NOTE: It should be mentioned that the genera of earthworms commonly referred to as jumping worms are not directly harmful to people or their pets. Although they may quickly writhe or squirm when disturbed and may move like snakes, they pose no direct physical threat to people.
What Can Concerned Citizens Do?
There is no permanent “cure” or method through which earthworm species of concern can be eradicated due to their long history in North America and Massachusetts (since European settlement for some) as well as aspects of their biology. And most of the time, management of earthworms is not justified because of prevailing benefits in the landscape and agricultural settings.
With regard to jumping worms, these species are not known to overwinter as adults, but rather perish with the onset of cold temperatures, but their young (eggs and immatures) are able to survive in tiny, resilient cocoons which are very small in size and the color of the soil surrounding them. Therefore, these cocoons can be nearly impossible to spot with your own eyes and are easily moved (albeit accidentally) in these substrates.
It seems that at this time, if a citizen is concerned about these earthworms, they can aid in reducing their spread by avoiding actions that increase their rate of distribution through human mediated movement. Reportedly, jumping/crazy worm species naturally expand their range very slowly (up to 40 ft. per year). For example, a best management practice may be to avoid purchasing these species for fishing bait or vermicomposting, or avoid moving soils or compost where these worms are present to new geographic locations.
If you think you have “crazy worms” in your garden, do not panic. While you may not be able to eliminate them from your garden, you can still play a part in preventing their spread.
Invasive Insect Webinar Series Featuring Dr. Olga Kostromytska, University of Massachusetts - Invasive Earthworms in Massachusetts – Biology, Impacts, and Research Updates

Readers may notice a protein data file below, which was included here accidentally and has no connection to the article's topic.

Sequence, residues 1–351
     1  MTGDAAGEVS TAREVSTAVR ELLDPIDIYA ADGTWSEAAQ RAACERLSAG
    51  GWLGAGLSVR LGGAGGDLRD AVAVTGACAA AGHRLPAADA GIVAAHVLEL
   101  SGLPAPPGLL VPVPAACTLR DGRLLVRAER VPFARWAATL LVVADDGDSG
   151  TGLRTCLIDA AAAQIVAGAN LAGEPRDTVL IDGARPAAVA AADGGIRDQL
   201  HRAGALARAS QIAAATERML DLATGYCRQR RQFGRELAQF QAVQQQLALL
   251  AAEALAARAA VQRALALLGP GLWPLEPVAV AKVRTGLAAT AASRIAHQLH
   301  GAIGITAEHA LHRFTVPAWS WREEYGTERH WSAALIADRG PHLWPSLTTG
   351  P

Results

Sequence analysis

Cornell University Cooperative Extension fact sheet - Jumping Worms
Plant and Soil Science Dept., University of Vermont - Amynthas agrestis: The Crazy Snake Worm
University of Minnesota Extension - Jumping Worms
University of New Hampshire Cooperative Extension - Invasive in the Spotlight: Jumping Worms
Wisconsin Department of Natural Resources - Jumping Worms
Hendrix, P. and P. J. Bohlen. 2002. Exotic Earthworm Invasions in North America: Ecological and Policy Implications. BioScience. Vol. 52 No. 9: 801-811.
Lee K.E. 1985. Earthworms: Their Ecology and Relationships with Soils and Land Use. Academic press. 411.
Reynolds JW, Görres JH, & Knowles ME 2015. A checklist by counties of earthworms (Oligochaeta: Acanthodrilidae, Lumbricidae and Megascolecidae) in the states of Maine, New Hampshire and Vermont, USA. Megadrilogica 17: 125–140.
Reynolds, J.W. (1977) The Earthworms of Massachusets (Oligochaeta: Lumbricidae, Megascolecidae and Sparganophilidae). Megadrilogica, 3, 49–54.
Written by: Tawny Simisky, Extension Entomologist, UMass Extension Landscape, Nursery, & Urban Forestry Program and Dr. Olga Kostromytska, Entomologist and Extension Assistant Professor, Stockbridge School of Agriculture